Although the current polls do not indicate a clear majority outcome, in this piece we will examine some of the issues that may cause sentiment to shift towards a Brexit, and what the UK leaving the European Union might mean for the UK and EU economies post breakup.
While a recession in the US is not our base scenario, the impact of such an event on credit exposure is worthy of consideration. In our historical analysis we've found that the driver of past recessions can provide important insight into which credit maturities are most attractive.
US monetary policy grows less independent as 2016 unfolds and risks to global growth abound in a rebalancing China, a deflationary struggle in Europe and whispers of a Brexit.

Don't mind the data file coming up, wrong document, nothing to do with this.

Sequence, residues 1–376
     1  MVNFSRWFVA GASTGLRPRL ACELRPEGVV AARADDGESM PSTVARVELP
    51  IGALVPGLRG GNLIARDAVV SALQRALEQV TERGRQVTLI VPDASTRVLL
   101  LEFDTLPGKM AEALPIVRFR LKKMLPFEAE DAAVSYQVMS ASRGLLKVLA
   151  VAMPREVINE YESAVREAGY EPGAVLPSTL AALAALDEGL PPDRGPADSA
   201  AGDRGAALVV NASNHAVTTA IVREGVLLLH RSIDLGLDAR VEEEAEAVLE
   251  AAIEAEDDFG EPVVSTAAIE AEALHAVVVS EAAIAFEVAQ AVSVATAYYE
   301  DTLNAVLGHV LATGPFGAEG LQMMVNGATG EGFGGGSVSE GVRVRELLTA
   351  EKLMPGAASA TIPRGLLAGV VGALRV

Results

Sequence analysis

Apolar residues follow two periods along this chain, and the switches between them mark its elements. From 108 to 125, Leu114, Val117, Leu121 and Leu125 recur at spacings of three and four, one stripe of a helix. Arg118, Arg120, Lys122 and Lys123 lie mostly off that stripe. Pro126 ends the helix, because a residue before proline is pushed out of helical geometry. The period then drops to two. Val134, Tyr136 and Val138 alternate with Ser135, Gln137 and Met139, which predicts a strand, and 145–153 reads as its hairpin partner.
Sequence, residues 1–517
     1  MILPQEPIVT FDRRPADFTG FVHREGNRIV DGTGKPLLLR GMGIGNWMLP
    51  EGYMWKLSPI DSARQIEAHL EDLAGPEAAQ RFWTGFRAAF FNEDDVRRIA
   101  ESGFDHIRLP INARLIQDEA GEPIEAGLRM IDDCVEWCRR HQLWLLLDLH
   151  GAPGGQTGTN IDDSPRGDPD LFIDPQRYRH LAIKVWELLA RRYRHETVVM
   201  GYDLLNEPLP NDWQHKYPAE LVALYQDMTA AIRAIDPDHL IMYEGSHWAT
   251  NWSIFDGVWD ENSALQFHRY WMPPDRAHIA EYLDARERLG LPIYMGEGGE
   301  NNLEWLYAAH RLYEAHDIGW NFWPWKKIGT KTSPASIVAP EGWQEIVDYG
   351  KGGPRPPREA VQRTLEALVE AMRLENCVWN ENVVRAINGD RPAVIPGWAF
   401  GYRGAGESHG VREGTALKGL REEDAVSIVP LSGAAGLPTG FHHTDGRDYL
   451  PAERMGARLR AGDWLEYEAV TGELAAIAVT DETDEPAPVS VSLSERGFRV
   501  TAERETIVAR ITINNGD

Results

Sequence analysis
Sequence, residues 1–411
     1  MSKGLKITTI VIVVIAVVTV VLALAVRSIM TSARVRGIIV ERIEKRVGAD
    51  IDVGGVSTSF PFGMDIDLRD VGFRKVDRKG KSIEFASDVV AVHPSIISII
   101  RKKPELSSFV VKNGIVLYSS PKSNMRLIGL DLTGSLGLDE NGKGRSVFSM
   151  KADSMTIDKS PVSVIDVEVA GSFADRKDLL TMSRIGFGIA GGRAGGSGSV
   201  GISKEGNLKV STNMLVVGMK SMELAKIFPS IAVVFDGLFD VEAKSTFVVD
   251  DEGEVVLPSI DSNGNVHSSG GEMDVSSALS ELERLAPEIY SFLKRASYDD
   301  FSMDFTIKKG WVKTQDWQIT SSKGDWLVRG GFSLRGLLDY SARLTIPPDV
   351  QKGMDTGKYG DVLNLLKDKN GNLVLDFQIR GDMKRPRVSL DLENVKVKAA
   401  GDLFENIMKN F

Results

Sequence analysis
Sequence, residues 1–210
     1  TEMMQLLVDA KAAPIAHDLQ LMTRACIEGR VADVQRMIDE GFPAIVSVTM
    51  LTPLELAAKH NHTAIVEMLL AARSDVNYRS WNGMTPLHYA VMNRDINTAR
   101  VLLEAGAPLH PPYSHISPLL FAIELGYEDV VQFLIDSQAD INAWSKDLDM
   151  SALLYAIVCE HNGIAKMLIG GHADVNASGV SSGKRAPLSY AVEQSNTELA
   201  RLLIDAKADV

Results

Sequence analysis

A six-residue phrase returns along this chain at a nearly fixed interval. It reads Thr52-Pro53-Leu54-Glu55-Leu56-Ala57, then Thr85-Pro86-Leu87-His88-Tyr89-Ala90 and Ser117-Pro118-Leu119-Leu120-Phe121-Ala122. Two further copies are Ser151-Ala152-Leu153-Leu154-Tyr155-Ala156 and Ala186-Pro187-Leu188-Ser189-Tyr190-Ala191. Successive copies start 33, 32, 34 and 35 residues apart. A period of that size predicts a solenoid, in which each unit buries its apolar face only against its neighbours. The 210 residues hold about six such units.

2016 began in complete panic, with risk assets including emerging markets (EMs) selling off deeply through the first few weeks of the year.
Asia ex Japan equities edged lower in February, with the MSCI Asia ex Japan index contracting 0.9% in USD terms. Concerns over US economic growth and a Federal Reserve (Fed) perceived to be on hold drove a decline in the dollar.
5-year and 10-year US Treasuries (USTs) yields ended the month lower, at 1.21% and 1.74% respectively. Cautious sentiment around falling oil prices and the prospect of a delay in US Federal Reserve interest rate increases supported US Treasuries (USTs) over the month.
Our global strategist sheds light on how corporate profit margins are reflecting the continuing improvement of corporate governance in Japan.
Our Global Credit staff in London detail their rationale behind concentrating on service sector exposure globally.
Our global equities team in Edinburgh explains their views on the prospects for their asset class.
In 2015, the US Federal Reserve began the process of interest rate normalisation. Short-term bonds underperformed long duration bonds, on expectations of the ongoing US economic recovery remaining weak, and US inflation being anchored at current low levels.